The 10k steps daily aim that’s always been said to be good, isn’t necessarily the target for everyone. Exertion and getting the heart rate up is more important. So if you’re just having an amble with no urgency, it’s not going to really help health and fitness. But if you’re more vigorous in your walking intention, and vary the speed and amount, then walking is going to be more beneficial.

There are lots of articles explaining why walking is so good, especially if you need low impact exercise. I know my knees wouldn’t cope with running, so walking is a good alternative.

The advice if you want to make walking count, is to be walking at a speed or exertion level where you can still hold a conversation, but you shouldn’t be able to sing.

I love numbers, so for me, seeing what my heart rate is and what level of exercise I’m doing on my fitbit is really interesting. Obviously it just counts steps usually but if I’m walking for more than 10-15 minutes, it will eventually start to kick in recording it as exercise. The funniest was it suggesting I was on an elliptical trainer. It’s more realistic now it’s classing it as aerobics.

The walking challenge

It took a while to work up to it. First I started walking up and down stairs, walking around the bedrooms and downstairs each hour. Getting active rather than sitting down for so long was helping. I also need to get back to stair training! Our stairs at work are a killer, even for fit people, so I need to work up to being back in the office.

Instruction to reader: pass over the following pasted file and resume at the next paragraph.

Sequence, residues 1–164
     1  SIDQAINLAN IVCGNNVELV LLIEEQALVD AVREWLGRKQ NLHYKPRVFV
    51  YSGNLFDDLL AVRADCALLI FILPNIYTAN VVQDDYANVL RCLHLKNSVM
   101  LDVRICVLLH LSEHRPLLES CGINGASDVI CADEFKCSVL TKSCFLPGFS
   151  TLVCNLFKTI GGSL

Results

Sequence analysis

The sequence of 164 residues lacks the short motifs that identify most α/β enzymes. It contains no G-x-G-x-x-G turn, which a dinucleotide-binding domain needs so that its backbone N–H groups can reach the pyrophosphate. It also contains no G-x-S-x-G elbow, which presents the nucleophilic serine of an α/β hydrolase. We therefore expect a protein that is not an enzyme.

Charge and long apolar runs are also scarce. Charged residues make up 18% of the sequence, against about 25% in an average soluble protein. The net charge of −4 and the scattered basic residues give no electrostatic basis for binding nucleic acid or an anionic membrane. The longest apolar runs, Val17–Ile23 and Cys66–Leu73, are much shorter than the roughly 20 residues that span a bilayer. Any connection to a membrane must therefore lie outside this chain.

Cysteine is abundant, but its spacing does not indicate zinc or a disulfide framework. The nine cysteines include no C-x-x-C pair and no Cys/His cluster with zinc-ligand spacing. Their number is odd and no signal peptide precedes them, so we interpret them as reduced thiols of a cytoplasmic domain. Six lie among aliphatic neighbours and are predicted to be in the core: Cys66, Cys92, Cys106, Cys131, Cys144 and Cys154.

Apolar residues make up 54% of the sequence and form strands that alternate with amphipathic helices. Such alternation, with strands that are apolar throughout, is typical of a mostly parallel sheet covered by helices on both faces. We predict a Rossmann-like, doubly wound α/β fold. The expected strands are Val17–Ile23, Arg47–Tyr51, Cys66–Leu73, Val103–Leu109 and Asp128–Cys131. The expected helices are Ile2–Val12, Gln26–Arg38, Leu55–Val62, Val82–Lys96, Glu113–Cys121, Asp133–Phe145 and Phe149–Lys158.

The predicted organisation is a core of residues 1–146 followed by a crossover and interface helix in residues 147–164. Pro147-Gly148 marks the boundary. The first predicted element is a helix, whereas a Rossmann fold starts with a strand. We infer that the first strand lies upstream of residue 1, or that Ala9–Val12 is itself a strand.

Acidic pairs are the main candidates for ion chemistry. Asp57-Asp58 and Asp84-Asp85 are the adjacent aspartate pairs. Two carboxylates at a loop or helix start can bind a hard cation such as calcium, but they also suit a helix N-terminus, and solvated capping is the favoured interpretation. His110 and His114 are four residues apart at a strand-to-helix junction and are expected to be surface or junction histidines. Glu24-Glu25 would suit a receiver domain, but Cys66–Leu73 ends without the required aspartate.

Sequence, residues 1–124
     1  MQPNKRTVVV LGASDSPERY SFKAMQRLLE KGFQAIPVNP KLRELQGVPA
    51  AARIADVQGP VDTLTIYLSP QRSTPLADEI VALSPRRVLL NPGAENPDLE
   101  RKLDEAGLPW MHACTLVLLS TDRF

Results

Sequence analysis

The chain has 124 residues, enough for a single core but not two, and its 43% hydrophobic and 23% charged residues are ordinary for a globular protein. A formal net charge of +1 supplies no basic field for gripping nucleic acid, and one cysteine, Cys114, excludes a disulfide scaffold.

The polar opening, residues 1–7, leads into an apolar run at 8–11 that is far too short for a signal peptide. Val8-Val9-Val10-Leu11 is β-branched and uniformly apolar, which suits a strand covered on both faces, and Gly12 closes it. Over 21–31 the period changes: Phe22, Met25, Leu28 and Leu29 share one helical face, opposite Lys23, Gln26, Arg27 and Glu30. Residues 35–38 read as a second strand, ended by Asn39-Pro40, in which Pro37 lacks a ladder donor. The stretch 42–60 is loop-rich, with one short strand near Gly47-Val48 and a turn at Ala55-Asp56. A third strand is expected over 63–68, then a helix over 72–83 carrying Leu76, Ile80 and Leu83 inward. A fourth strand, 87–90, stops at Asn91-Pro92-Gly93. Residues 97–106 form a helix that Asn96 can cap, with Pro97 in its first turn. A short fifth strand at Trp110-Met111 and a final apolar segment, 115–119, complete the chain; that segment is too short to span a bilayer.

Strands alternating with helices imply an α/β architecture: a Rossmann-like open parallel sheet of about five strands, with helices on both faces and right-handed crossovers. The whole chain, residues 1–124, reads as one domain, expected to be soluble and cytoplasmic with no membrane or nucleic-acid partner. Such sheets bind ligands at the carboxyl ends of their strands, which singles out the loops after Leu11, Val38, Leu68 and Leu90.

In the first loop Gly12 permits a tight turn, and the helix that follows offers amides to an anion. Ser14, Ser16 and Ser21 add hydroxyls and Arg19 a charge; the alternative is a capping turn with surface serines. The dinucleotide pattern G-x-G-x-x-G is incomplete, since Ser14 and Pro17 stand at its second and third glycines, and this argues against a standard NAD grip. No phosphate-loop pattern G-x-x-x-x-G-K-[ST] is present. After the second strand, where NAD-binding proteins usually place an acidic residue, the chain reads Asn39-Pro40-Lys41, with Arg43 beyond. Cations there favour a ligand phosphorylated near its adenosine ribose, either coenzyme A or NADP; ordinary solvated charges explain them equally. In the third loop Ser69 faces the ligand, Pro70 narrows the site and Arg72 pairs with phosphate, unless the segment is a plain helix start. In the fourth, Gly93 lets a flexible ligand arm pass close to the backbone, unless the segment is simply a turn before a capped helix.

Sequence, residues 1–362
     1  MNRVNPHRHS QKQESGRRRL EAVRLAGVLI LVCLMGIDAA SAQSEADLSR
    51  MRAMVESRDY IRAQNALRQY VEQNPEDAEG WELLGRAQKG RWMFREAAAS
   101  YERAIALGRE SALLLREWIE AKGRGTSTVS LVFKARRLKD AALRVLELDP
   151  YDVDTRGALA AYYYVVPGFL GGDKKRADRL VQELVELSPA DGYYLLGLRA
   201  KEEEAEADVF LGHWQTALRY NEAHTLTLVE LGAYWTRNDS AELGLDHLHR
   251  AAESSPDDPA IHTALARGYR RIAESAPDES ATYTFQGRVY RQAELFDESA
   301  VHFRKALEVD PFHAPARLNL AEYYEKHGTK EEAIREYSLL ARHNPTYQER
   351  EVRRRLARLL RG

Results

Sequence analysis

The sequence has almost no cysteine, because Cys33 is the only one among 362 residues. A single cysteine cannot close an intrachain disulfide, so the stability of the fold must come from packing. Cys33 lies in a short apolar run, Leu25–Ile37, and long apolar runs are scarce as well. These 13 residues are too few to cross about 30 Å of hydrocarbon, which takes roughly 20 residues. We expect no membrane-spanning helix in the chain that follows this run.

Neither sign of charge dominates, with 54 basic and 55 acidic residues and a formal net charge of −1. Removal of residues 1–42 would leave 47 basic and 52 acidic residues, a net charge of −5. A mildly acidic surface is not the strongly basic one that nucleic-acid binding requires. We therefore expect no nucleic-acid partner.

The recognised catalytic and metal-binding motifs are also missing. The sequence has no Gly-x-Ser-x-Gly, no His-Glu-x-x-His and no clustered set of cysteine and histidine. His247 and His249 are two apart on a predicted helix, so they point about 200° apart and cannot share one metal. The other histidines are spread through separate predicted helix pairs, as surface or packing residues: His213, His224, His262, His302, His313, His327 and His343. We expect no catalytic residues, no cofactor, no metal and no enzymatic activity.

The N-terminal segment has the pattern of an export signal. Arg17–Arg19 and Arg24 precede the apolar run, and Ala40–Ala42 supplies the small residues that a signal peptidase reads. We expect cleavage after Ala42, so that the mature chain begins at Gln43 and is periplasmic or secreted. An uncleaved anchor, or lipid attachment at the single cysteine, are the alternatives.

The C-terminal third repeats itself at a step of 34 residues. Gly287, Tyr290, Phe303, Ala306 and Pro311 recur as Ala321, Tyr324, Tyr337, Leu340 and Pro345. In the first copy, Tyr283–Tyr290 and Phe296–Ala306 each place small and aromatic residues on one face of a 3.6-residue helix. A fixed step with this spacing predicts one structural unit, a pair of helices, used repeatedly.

I increased that to 500 an hour – working from home means I’m not stopping by desks to chat, or having a long walk to get water, so I’m working longer hours. It means I’ve got that flexibility to do my steps.

Gradually I’ve been building it up – I’ll step on the spot, different timings, and movements, then walk around normally to ease out my calves. At lunch, before work and after work I’ll do more, and in the evenings I’ll do up to 20 mins in front of the tv to finish my steps off.

The only hard thing is when I’m not alone in the house. The OH would think I’m nuts because he just says go out walking in the fields. N would also think I’m weird. I know I’ll struggle when I’m back in the office too, to keep up the steps. But I’ll give it a go.

I’m now hitting 10k most days, and usually more than that. I’ve never felt the urge to hit my target on my fitbit, but now I am. I know it’s helping alongside my diet, and helping with my general wellness. I can see the fitness/cardio level improve on my fitness tracker.

If you think you’ll never get more active because you’re too busy or can’t get out, then it is possible. Here’s my tips on getting more active at home.

10 tips for walking at home